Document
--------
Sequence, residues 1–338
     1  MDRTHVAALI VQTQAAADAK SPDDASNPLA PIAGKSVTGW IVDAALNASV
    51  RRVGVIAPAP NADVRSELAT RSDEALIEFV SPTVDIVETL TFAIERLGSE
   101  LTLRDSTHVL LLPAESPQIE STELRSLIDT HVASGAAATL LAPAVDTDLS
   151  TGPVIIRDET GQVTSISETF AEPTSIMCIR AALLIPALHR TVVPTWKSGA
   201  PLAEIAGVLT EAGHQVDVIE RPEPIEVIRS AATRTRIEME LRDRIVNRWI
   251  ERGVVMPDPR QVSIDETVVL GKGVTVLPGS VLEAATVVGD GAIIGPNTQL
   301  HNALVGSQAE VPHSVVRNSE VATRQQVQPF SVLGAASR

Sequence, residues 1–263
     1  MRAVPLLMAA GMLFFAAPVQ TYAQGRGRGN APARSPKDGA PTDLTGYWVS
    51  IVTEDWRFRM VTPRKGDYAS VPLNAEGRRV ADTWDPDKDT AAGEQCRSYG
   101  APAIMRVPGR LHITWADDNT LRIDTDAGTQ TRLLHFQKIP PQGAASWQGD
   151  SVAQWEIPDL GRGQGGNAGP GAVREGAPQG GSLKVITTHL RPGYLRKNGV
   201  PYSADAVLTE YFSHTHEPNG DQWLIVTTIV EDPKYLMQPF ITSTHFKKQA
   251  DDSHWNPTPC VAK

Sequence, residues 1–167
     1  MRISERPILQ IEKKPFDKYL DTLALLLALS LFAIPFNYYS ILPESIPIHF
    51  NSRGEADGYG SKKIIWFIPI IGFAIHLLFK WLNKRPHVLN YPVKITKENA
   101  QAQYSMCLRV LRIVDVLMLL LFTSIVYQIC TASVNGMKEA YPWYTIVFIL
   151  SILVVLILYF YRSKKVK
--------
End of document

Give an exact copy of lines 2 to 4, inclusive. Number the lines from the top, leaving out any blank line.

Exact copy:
     1  MDRTHVAALI VQTQAAADAK SPDDASNPLA PIAGKSVTGW IVDAALNASV
    51  RRVGVIAPAP NADVRSELAT RSDEALIEFV SPTVDIVETL TFAIERLGSE
   101  LTLRDSTHVL LLPAESPQIE STELRSLIDT HVASGAAATL LAPAVDTDLS